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What is the access modifier of interface methods? It should be public or protected because you have access to them when you implement them (which makes sense). It also should be abstract because they don't have implementation. But lately I've been reading a book called CLR Via C# and the chapter about interfaces says the following

The CLR requires that interface methods be marked as virtual. If you do not explicitly mark the method as virtual in your source code, the compiler marks the method as virtual and sealed.

When you mark the interface member virtual compiler complains that the access modifier in not valid. I mean no access modifier is valid for anything in interface rather than the default one which is given to them by compiler right? Can anyone make it clear for me?

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marked as duplicate by Cody Gray, nvoigt, Yotam Omer, Jan Krüger, djf Jul 11 '13 at 10:59

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There is a difference between the implementation details of the CLR and the specified behavior of the C# language. Not all that surprising. The CLR requires that interface methods be virtual, but you don't declare them that way in C# because you can't override them in a derived class. –  Cody Gray Jul 11 '13 at 8:55
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up vote 6 down vote accepted

Interfaces (C# Programming Guide)

Interfaces can contain methods, properties, events, indexers, or any combination of those four member types. For links to examples, see Related Sections. An interface can't contain constants, fields, operators, instance constructors, destructors, or types. Interface members are automatically public, and they can't include any access modifiers. Members also can't be static.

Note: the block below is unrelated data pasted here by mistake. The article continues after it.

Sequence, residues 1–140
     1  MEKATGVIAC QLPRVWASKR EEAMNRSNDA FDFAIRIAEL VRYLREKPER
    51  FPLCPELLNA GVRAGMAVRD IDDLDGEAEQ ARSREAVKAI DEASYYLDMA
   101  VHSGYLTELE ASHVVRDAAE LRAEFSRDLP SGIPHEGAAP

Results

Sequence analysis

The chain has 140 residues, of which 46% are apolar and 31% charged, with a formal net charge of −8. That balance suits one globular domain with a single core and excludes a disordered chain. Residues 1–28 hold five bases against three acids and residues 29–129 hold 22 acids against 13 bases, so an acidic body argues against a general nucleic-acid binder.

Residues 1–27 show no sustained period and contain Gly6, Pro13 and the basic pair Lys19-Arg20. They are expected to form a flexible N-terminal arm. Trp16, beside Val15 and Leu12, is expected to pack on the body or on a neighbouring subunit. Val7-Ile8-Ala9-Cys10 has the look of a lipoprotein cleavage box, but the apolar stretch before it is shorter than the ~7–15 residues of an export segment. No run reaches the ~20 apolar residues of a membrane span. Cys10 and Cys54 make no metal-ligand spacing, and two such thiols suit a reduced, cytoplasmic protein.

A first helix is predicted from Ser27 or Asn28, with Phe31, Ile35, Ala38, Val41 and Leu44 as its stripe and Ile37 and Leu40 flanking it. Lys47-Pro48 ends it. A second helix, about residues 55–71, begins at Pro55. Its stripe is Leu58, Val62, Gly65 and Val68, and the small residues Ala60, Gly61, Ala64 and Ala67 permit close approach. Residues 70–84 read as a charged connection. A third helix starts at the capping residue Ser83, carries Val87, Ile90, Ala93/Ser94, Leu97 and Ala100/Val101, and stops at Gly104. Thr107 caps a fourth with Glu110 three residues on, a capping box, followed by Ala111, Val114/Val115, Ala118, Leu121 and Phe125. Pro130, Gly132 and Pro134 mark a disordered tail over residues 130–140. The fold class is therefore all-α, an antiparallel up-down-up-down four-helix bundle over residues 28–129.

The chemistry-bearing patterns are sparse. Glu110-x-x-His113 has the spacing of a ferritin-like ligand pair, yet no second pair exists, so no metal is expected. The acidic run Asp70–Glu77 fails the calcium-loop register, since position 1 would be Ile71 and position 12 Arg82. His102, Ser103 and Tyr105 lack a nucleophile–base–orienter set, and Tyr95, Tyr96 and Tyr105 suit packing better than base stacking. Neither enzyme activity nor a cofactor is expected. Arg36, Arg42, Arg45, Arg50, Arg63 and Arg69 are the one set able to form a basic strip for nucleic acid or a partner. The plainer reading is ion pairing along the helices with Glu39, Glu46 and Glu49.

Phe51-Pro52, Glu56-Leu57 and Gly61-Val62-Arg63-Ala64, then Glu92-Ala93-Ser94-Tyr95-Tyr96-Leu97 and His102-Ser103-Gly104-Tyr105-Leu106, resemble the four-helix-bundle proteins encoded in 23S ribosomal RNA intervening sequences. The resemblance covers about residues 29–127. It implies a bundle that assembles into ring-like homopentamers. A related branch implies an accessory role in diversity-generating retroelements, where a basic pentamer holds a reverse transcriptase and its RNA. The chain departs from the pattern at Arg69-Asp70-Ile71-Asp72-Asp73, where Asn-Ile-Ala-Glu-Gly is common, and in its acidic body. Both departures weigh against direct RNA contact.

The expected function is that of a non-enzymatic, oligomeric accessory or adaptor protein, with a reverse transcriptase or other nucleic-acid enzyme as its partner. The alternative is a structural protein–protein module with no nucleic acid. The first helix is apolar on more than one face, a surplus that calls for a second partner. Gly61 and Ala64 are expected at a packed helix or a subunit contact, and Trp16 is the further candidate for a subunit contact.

And about interface members implementation:

To implement an interface member, the corresponding member of the implementing class must be public, non-static, and have the same name and signature as the interface member.

So you can't implement an interface member using protected one.

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Don't agree with your comment:

The CLR requires that interface methods be marked as virtual. If you do not explicitly mark the method as virtual in your source code, the compiler marks the method as virtual and sealed.

esp because you mentioned CLR Via C#, I am sure you have mis-read. Bible can not be wrong.

Edit: Providing more details.

As suggested by others, you can not have a access modifier (or virtual) in an interface member. By default (and by definition) all members inside an Interface are public and abstract.

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I copied the thing you see from the book. How could I miss-read it ? –  Dima Jul 11 '13 at 8:53
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That's not his comment, that's a quote from the book you're calling the "bible". Even if it weren't, this isn't a very helpful answer. You don't explain anything, you just appeal to authority. Jeffrey Richter is human, of course, he could have made a mistake. –  Cody Gray Jul 11 '13 at 8:57
    
what is wrong with you people? did I do something wrong? U just asked a question. The book said different thing than I knew and I got confused. If you could answer my question then you're welcome and if you could not then why are you here anyway ? –  Dima Jul 11 '13 at 10:13
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